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The Human Face of ACA Repeal: A Montana Family

The conservatives who want to repeal healthcare for 30 million Americans want us to only think about the issue in abstract terms and generalizations. It’s time to stop letting them get away with that and to listen to the stories of people whose very lives depend on access to health care they can afford. This post is the kind of story we simply cannot ignore and one of the many reasons we need to fight back.

Our story about the ACA doesn’t sound like some you may have heard. To start, we will be financially stable if the premiums we currently pay rise, even if they double. We can afford a high deductible. We still have some money in our health savings account, should we need it. I’m not saying this to brag, just to be completely honest about our situation. We aren’t alone, as there are many folks who purchased individual insurance through the ACA who don’t need or qualify for the subsidies.

Why are we worried it will be repealed without a replacement? Two words. Pre-existing conditions. And one more thing. We are in the age gap. I am 55, which means I have at least 10 years before I can qualify for Medicare. My husband is 62. (We are hoping Medicare exists when we are counting on it.)

I have a rare disease called systemic mastocytosis. The prescription medication I take keeps my body from attacking the food I eat and the environmental irritants I encounter. Without it, I am in a constant state of low-grade anaphylactic shock. Any ingredient or chemical, natural or man-made, can push me over the line to full blown anaphylaxis. Without immediate medical attention, I would likely die. Even though I take the medication religiously, I still have unexpected reactions. Part of my complicated care requires me to get regular blood tests, x-rays and specialist visits.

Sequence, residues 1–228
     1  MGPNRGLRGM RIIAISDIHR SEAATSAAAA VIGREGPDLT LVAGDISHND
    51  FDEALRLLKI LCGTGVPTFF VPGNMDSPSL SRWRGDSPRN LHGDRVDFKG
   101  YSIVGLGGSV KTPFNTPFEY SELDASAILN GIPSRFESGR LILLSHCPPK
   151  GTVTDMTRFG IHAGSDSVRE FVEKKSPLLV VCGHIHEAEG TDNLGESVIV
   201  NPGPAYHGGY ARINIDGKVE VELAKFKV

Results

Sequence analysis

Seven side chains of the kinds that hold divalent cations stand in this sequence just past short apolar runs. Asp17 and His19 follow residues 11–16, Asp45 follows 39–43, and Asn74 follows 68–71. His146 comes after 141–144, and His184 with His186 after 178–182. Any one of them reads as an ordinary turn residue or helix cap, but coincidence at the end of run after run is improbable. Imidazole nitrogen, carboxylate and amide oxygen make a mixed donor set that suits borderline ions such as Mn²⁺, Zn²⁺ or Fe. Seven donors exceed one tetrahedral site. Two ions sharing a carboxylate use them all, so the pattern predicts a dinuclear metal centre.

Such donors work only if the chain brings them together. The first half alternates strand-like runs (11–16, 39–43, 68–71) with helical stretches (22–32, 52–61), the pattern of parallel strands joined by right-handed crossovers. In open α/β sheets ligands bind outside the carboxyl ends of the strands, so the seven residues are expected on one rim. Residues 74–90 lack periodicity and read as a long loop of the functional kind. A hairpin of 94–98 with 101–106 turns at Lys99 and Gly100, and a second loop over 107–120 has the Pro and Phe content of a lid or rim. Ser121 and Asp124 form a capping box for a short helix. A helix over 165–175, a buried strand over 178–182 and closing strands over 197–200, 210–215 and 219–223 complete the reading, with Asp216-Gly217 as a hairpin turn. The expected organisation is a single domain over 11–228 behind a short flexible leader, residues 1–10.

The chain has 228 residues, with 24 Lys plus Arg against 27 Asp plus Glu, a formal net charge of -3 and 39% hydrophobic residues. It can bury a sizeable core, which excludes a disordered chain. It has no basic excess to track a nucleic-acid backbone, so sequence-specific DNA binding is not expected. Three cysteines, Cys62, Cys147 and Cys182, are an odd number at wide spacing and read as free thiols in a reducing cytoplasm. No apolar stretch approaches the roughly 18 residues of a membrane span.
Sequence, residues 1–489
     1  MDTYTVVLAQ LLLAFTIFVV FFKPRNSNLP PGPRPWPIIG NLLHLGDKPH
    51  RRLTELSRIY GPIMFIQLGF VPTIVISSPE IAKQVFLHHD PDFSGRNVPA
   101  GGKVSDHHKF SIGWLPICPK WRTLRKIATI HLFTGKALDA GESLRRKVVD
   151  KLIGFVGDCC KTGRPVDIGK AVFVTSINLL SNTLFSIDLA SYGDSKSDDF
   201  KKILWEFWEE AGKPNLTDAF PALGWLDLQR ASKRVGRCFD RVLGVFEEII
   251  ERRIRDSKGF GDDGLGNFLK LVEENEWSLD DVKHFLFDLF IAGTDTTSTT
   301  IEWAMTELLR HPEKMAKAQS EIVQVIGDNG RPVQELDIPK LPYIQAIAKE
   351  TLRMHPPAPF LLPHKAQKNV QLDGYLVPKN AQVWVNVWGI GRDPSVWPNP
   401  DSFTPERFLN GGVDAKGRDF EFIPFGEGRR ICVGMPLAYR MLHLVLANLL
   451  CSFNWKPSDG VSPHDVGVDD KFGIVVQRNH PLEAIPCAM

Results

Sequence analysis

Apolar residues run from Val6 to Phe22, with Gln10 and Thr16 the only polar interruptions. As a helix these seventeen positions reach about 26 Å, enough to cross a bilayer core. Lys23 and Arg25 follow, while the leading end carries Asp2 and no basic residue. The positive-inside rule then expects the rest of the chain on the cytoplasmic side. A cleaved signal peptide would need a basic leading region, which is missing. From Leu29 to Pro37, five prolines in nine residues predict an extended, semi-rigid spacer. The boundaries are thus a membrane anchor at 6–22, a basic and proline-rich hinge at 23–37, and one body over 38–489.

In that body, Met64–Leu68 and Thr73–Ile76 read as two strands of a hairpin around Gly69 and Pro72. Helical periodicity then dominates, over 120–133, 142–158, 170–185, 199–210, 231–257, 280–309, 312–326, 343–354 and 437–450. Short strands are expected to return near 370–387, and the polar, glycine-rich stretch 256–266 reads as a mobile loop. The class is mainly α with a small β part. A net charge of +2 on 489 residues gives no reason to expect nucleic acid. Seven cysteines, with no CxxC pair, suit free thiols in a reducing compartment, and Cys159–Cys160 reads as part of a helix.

My husband also has a preexisting condition. It is an immune deficiency. He has difficulty getting over his frequent respiratory illnesses. Pneumonia is something we don’t like to think about. He also takes prescription medication and sees a specialist to keep him healthy.

My husband, a retired dentist, volunteers in leadership positions in the community by serving on boards in arts, health and wellness organizations. I am a part-time interior designer. I also serve in leadership positions in the community, and take care of my adult daughter, who has Rett Syndrome and requires 24/7 hands on help with daily living.

Right now, with the help of the ACA and insurance that includes us, we can manage this and keep all of these balls in the air. But if the pre-existing conditions clause is eliminated, then we lose our ability to shop for health insurance. As the premiums and deductibles rise, as they did before the ACA was enacted, they quickly become unaffordable to even the most financially stable families like ours.

In a post-ACA scenario, insurance companies can exclude any illness or treatment related to our conditions from coverage. That means we are paying a huge amount for insurance that doesn’t cover our illnesses or anything they could conceivably cause, adding to our out of pocket expenses. Don’t forget about prescriptions and monitoring of the illness, also not covered any longer. Why would we choose to buy insurance if this is true? Because of the possibility that we could get an additional illness, like cancer, that could easily wipe us out.

Please consider the far-reaching consequences of eliminating the pre-existing condition clause and the ACA. It is not just the insured people who will be affected, but their families and communities as well. When all of those balls we are keeping in the air fall, they will make for a very big mess.


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About the author

Nathan Kosted

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